Murine leukemia virus
"MMLV" redirects here. It is also the Roman numeral for 2055.
Murine leukemia virus
Virus classification
Group: Group VI (ssRNA-RT)
Family: Retroviridae
Subfamily: Orthoretrovirinae
Genus: Gammaretrovirus
Species: Murine leukemia virus

The murine leukemia viruses (MLVs or MuLVs) are retroviruses named for their ability to cause cancer in murine (mouse) hosts. Some MLVs may infect other vertebrates. MLVs include both exogenous and endogenous viruses. Replicating MLVs have a positive sense, single-stranded RNA (ssRNA) genome that replicates through a DNA intermediate via the process of reverse transcription.

Contents

Classification

The murine leukemia viruses are Type VI retroviruses belonging to the gammaretroviral genus of the Retroviridae family. The viral particles of replicating MLVs have C-type morphology as determined by electron microscopy.

The MLVs include both exogenous and endogenous viruses. Exogenous forms are transmitted as new infections from one host to another. The Moloney, Rauscher, Abelson and Friend MLVs, named for their discoverers, are used in cancer research.

Endogenous MLVs are integrated into the host's germ line and are passed from one generation to the next. Stoye and Coffin have classified them into four categories[1] by host specificity, determined by the genomic sequence of their envelope region. The ecotropic MLVs (from eco, "house") are capable of infecting mouse cells in culture. Non-ecotropic MLVs may be xenotropic (from xeno, "foreign", infecting non-mouse species), polytropic or modified polytropic (infecting a range of hosts including mice). Different strains of mice may have different numbers of endogenous retroviruses, and new viruses may arise as the result of recombination of endogenous sequences.[2][3]

Virion structure

As Type C retroviruses, replicating murine leukemia viruses produce a virion containing a spherical nucleocapsid (the viral genome in complex with viral proteins) surrounded by a lipid bilayer derived from the host cell membrane. The lipid bilayer contains integrated host and viral proteins studded with carbohydrate molecules. The viral particle is approximately 90 nanometres (nm) in diameter.

Genome

The genomes of exogenous and endogenous murine leukemia viruses have been fully sequenced. The viral genome is a single stranded, linear, positive-sense RNA molecule of around 8000 nucleotides. From 5' to 3' (typically displayed as "left" to "right"), the genome contains gag, pol, and env regions, coding for structural proteins, enzymes including the RNA-dependent DNA polymerase (reverse transcriptase), and coat proteins, respectively. The genomic molecule contains a 5' methylated cap structure and a 3' poly-adenosine tail.

The genome includes a conserved RNA structural element called a core encapsidation signal that directs packaging of RNA into the virion; the tertiary structure of this element has been solved using nuclear magnetic resonance spectroscopy.[4][5]

Viral evolution

As with other retroviruses, the MLVs replicate their genomes with relatively low fidelity. Thus, divergent viral sequences may be found in a single host organism.[6] MLV reverse transcriptases are thought to have a slightly higher fidelity than the HIV-1 RT.[7]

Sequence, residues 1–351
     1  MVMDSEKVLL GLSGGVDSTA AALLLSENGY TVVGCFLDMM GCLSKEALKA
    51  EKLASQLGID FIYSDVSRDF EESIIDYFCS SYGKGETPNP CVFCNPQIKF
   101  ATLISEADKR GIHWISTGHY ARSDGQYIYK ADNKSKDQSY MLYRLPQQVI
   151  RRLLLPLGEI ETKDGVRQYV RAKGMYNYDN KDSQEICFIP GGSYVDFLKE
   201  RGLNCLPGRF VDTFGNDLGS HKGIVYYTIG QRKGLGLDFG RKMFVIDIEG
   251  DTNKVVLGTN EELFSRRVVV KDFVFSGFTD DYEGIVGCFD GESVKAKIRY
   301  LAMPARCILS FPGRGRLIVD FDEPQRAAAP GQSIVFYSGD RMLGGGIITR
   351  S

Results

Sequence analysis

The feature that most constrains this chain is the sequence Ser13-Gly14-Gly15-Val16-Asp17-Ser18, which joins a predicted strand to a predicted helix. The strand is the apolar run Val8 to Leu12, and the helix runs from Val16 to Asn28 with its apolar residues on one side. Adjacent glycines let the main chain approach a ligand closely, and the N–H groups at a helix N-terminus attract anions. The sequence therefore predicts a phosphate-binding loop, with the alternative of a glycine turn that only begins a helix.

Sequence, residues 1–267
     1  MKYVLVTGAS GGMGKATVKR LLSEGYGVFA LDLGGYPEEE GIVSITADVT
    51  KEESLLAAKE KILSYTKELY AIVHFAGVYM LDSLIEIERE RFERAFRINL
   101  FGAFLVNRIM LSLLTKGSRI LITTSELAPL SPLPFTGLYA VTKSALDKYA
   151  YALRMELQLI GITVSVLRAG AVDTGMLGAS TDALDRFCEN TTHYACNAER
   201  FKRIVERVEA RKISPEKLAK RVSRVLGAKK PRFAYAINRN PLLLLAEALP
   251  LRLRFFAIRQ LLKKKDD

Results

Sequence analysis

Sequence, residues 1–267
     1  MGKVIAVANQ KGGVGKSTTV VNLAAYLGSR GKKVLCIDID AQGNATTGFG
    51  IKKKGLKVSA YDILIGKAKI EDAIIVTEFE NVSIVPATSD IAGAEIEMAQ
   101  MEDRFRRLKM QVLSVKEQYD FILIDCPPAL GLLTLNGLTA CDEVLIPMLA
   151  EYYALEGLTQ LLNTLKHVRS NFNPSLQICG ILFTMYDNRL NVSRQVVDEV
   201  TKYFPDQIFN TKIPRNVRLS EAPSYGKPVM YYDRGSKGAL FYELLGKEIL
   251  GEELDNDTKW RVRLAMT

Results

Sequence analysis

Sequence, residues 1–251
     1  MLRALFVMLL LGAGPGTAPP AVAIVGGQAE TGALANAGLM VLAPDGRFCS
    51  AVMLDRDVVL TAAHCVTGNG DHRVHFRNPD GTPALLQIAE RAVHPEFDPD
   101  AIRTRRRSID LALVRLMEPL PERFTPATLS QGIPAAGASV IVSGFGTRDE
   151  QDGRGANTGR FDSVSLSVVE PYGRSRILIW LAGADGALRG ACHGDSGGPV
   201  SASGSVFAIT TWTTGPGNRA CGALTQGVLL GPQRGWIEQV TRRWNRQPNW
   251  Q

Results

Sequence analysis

Applications of MLVs

  • Gene therapy: MLV-derived particles can deliver therapeutic genes to target cells.
  • Cancer studies: MLVs are used to study cancer development.
  • As a model retrovirus in viral clearance studies
  • Reverse Transcriptase from MMLV used in Biotechnology

References

  1. ^ Stoye, J. P.; Coffin, J. M. (1987). "The four classes of endogenous murine leukemia virus: structural relationships and potential for recombination". Journal of virology 61 (9): 2659–2669. PMC 255766. PMID 3039159. http://www.pubmedcentral.nih.gov/articlerender.fcgi?tool=pmcentrez&artid=255766.  edit
  2. ^ Coffin, J. M.; Stoye, J. P.; Frankel, W. N. (1989). "Genetics of endogenous murine leukemia viruses". Annals of the New York Academy of Sciences 567: 39–49. Bibcode 1989NYASA.567...39C. doi:10.1111/j.1749-6632.1989.tb16457.x. PMID 2552892.  edit
  3. ^ Stoye, JP; Moroni, C; Coffin, JM (1991). "Virological events leading to spontaneous AKR thymomas". Journal of virology 65 (3): 1273–85. PMC 239902. PMID 1847454. http://www.pubmedcentral.nih.gov/articlerender.fcgi?tool=pmcentrez&artid=239902.  edit
  4. ^ D'Souza V, Dey A, Habib D, Summers MF (2004). "NMR structure of the 101-nucleotide core encapsidation signal of the Moloney murine leukemia virus". J Mol Biol 337 (2): 427–42. doi:10.1016/j.jmb.2004.01.037. PMID 15003457. 
  5. ^ D'Souza V, Summers MF (2004). "Structural basis for packaging the dimeric genome of Moloney murine leukaemia virus". Nature 431 (7008): 586–90. doi:10.1038/nature02944. PMID 15457265. 
  6. ^ Voisin, V.; Rassart, E. (2007). "Complete genome sequences of the two viral variants of the Graffi MuLV: phylogenetic relationship with other murine leukemia retroviruses". Virology 361 (2): 335–347. doi:10.1016/j.virol.2006.10.045. PMID 17208267.  edit
  7. ^ Skasko, M.; Weiss, K.; Reynolds, H.; Jamburuthugoda, V.; Lee, K.; Kim, B. (2005). "Mechanistic differences in RNA-dependent DNA polymerization and fidelity between murine leukemia virus and HIV-1 reverse transcriptases". The Journal of biological chemistry 280 (13): 12190–12200. doi:10.1074/jbc.M412859200. PMC 1752212. PMID 15644314. http://www.pubmedcentral.nih.gov/articlerender.fcgi?tool=pmcentrez&artid=1752212.  edit

External links


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